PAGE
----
How to Make a Reverse Snare Sound

Like a reverse cymbal sample, a reverse snare can be used to build anticipation and energy to tease the next part of a song. In particular I like to use a reverse snare to fade into an actual snare hit. This creates a little break to flow into a final chorus after a bridge. And just like making a reverse cymbal sample, you can easily create a reverse snare in your DAW. Here’s how.

How to Make a Reverse Snare

Step 1 – Get a Snare Sound (Organic or Digital)

First, you’ll need an isolated snare hit. I’m assuming you already have a snare sound in your mix, but if you don’t or you don’t have an isolated one, your DAW almost certainly has a midi drum kit.

Simply load snare sample, drop it on your timeline, then solo and bounce it to raw audio.

In many DAWs like Ableton Live, you can freeze the track then “flatten” it so that you don’t have to bounce anything. This converts midi to raw audio without having to bounce and import a file.

If you do bounce your snare to pull back into your DAW as raw audio, make sure you get the full snare sound including the complete decay as this is what we’ll want to reverse in a moment.

Step 2 – Add Sustain With Compression or Reverb

This is optional, but typically the decay you’ll get with a normal snare hit won’t be enough to create the amount of fade in that we want when it’s reversed.

You can add sustain to that decay by dropping a compressor on the track, which is the secret sauce for getting a good reverse snare.

Replicate the settings/general guidelines I’ve outlined below using FabFilter’s Pro-C compressor to create the sustain you’ll want.

reverse snare compression

Essentially this means:

Low Threshold – Setting the threshold to catch everything above ambient room noise will capture the entirety of the decay. We want as much of the decay included as possible, and setting a low threshold accomplishes this.

High Ratio – A high ratio flattens the transient and essentially reduces everything to the same volume output. This is where we get our sustain.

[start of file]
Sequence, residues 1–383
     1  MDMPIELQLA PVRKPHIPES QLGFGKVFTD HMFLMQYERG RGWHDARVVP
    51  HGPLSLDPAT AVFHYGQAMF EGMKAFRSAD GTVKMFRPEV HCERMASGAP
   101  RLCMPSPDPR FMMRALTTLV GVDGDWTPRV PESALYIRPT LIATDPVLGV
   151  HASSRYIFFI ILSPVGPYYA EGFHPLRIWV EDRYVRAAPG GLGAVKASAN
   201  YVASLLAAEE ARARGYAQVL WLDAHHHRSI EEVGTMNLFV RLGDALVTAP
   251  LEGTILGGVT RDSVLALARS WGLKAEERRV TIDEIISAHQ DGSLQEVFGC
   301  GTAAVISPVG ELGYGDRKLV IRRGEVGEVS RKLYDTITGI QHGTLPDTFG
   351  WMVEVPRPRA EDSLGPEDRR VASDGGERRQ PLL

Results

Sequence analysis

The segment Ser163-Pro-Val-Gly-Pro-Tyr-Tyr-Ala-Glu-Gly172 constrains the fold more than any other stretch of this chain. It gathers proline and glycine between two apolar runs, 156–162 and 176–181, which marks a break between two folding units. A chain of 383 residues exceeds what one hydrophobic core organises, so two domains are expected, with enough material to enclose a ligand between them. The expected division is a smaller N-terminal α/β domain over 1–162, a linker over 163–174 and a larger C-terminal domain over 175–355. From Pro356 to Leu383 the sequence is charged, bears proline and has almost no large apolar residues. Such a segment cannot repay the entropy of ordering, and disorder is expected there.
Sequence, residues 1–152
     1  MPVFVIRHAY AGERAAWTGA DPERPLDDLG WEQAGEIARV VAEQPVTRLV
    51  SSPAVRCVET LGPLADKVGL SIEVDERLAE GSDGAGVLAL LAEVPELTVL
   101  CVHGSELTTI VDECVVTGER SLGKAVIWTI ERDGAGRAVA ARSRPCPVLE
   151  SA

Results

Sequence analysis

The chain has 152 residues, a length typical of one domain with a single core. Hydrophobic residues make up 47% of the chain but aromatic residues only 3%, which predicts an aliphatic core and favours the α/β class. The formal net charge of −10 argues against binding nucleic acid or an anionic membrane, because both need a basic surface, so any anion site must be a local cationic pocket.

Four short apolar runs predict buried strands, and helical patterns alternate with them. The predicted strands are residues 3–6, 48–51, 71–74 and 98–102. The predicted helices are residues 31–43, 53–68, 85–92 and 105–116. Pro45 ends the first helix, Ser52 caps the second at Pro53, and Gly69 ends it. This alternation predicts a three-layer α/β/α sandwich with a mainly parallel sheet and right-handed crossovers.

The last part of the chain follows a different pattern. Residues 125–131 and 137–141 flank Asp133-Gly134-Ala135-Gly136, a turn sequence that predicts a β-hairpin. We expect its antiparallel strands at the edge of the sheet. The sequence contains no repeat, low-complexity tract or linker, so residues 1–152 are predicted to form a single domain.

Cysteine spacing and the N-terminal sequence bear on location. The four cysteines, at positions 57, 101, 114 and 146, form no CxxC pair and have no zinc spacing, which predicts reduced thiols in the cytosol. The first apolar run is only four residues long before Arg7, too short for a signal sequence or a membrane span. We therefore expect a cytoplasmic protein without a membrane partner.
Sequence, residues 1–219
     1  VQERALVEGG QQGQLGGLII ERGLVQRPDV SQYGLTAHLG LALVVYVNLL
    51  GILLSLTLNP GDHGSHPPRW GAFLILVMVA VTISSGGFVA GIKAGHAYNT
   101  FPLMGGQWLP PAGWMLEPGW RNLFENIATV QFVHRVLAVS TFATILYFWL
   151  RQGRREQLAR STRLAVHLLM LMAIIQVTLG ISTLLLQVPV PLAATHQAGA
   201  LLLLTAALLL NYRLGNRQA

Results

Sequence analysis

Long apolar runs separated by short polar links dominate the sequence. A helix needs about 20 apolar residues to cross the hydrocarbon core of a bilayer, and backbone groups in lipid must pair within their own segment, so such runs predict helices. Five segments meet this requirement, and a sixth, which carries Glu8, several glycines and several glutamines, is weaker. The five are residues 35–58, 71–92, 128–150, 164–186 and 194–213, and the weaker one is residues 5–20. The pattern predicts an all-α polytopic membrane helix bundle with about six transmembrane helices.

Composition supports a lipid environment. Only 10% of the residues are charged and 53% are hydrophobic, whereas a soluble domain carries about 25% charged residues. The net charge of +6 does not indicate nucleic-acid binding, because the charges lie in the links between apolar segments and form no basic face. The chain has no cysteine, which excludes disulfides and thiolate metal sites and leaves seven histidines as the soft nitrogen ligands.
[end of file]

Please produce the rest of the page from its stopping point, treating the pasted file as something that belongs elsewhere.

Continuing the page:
Instant Attack – We don’t want transients most of the time with a reverse snare because we’re feeding into a normal snare. The normal snare has the transients of the stick on skin that we want (see my snare EQ guide); with the reverse snare we just want a nice smooth run up. Note that the release isn’t really a factor because we’re capturing so much of the sustain through the threshold and ratio settings.

Soft Knee – A soft knee also helps to smooth out the complete tone which I find works well for a reverse snare.

Makeup Gain – Lastly, know that these settings are going to seriously turn down the output gain of the snare. As such, use auto makeup gain or increase the makeup gain manually to match the input gain.

If you need more sustain after this, you can add a reverb or even a second compressor, but I recommend trying the next steps first to see how it sounds reversed and in the context of the mix.

Step 3 – Bounce and Reverse the Snare

Next we want to bounce and reverse the snare. Once again we can freeze and flatten this track or just bounce it to bake that extreme compression into the new raw audio.

The process for reversing the track will vary from DAW to DAW. In Live we simply highlight the track and type “R” to reverse it.

You can see the effects of the compression in the final track in the below image. I’ve reversed the track and you can see all of that sustain on the tail which now works as a lengthened fade in for the snare.

how to make a reverse snare

Step 4 – Adjust and Cut End

Now we just need to adjust the track where we want a reverse snare fade in. I would move it to the left so I get a nice 2 bar fade in to the actual snare. This emphasizes that snare hit and like I mentioned in opening is great when we’re teasing and setting up a chorus.

Note that you may want to cut the end off which is essentially the transient of the snare hit.

In step 2, we worked hard with the fast attack in particular to remove the transient to focus on the decay. If that transient hasn’t been smoothed out enough, cutting off a beat at the end to ensure we are just left with decay to fade up into the transient of the real snare works well.

If after all this you need more of a fade in, meaning the decay isn’t long enough, repeat step 2 to add more sustain or even add a clean sounding reverb (check out my Ableton reverse reverb trick, while you’re at it) to add some extra tail to that snare for some extra sustain.

Leave a Comment

Your email address will not be published. Required fields are marked *